Coach takes responsibility for Australia loss
Savaged by critics after Australia’s 4-0 thrashing by Germany at
the World Cup, Socceroos coach Pim Verbeek has accepted
responsibility for some curious selections and tactics.
Verbeek played several players out of position, left out some
regular starters and went into the match without a recognized
The changes backfired as Australia was routed by an impressive
Germany team which could have scored several more goals if not for
some glaring misses.
“I never blame my players,” Verbeek said. “I always look in
the mirror and think what decisions I made. I have no problem in
taking responsibility for the result.”
Seemingly intent on grinding out a draw, Verbeek left out
target-man forward Josh Kennedy and regular attacking midfielder
Mark Bresciano despite both being regulars in lead-up games, while
star forward Harry Kewell – who declared himself fit after a groin
injury – never came off the bench.
“If you lose 4-0 you can always say it didn’t help, but nobody
can prove we would have won if we had those players on the field,”
“They (Kennedy and Bresciano) didn’t do well in the last two
games. They didn’t do well in training – not well enough. The
players who were on the field were the better players – that’s the
Verbeek said he had intended to bring Kewell on, but abandoned
that plan after midfielder Tim Cahill was sent off early in the
The defensive formation and unusual selections – including
regular central midfielder Jason Culina being played on the left
wing and midfielder Richard Garcia in an advanced position –
brought stinging criticism in Australia.
The Sydney Morning Herald newspaper headlined its story ‘Utter
Disaster’, and castigated the coach for making selection gambles in
his first World Cup match.
Former Australia goalkeeper Mark Bosnich expressed sympathy for
fans who had traveled to South Africa.
“These people have paid good money to come out here and they
deserve a good performance against Ghana (in the next group
game),” Bosnich said.
The ex-Aston Villa, Manchester United and Chelsea keeper said it
was time for the taciturn Verbeek to be more transparent in his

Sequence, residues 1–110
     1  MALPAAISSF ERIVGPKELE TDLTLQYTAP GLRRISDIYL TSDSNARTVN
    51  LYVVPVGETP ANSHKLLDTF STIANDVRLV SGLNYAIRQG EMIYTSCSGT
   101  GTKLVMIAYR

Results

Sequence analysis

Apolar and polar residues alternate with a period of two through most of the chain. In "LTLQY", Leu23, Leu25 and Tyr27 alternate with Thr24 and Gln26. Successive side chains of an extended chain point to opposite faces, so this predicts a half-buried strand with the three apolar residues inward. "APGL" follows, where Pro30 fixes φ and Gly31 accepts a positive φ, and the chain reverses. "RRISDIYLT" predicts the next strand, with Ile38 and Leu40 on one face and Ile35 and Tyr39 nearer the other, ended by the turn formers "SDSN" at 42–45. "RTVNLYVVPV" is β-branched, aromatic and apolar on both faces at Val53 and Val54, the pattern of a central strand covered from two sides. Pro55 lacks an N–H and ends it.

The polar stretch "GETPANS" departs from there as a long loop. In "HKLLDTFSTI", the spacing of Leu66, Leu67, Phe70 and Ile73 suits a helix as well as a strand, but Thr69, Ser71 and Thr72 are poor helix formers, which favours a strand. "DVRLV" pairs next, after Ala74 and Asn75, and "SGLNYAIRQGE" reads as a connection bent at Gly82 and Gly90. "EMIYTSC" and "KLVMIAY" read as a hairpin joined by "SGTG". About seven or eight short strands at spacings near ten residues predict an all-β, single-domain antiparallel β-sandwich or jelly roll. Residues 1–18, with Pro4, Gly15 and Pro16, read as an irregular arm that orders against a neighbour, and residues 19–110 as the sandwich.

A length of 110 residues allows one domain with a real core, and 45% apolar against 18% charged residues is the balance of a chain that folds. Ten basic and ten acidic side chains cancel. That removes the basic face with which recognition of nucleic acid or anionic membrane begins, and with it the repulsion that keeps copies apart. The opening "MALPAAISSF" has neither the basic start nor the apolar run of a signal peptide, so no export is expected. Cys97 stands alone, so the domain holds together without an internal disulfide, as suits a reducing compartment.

public comments and explanations.
“Verbeek has to come clean, he has to bring down this Berlin
Wall and start giving people some answers, because while we will
cop losing, it’s the manner in which you accept a loss that
counts,” Bosnich said.
Verbeek’s selections bewildered the Germans.
“We were wondering why Joshua Kennedy wasn’t playing,”
defender Arne Friedrich said. “They made it relatively easy for
Germany coach Joachim Loew was scathing in his assessment of
“The Australians were rather defensive in their play, so we
tried to change the pace of the game,” Loew said. “If a team
defends with ten players then you have to be careful with your
“We decided to keep the ball low and create problems for their
defense. Australia is not the ultimate benchmark. We face tougher
opponents, even though Australia has been strong in the past.”
Verbeek announced in March that he would be leaving Australia
immediately after the World Cup to take up a position as youth
technical director in Morocco. It was a move seen as lacking
ambition in Australia but comes with a lower glare for a man not
always comfortable in the spotlight.
The 54-year-old started his coaching career in his native
Netherlands and enjoyed his first international experience as Guus
Hiddink’s assistant as South Korea reached the semifinals of the
2002 World Cup. Hiddink became a national hero in Australia when he
led it into the second round in 2006.
Verbeek took over as head coach of South Korea and then went to
Australia only after first choice Dick Advocaat jilted the
Socceroos at the last minute, despite agreeing to terms.
Verbeek favored a defensive system which brought him many
critics within the media and Socceroos’ fan base.
In Asian qualifying, Australia’s defenders kept 12 clean sheets,
but their old guard was found out Sunday.
“They had so many runners,” said 34-year-old defender Craig
Moore. “At times I felt I was between two or three players. That’s
very hard. Their movement was very good.”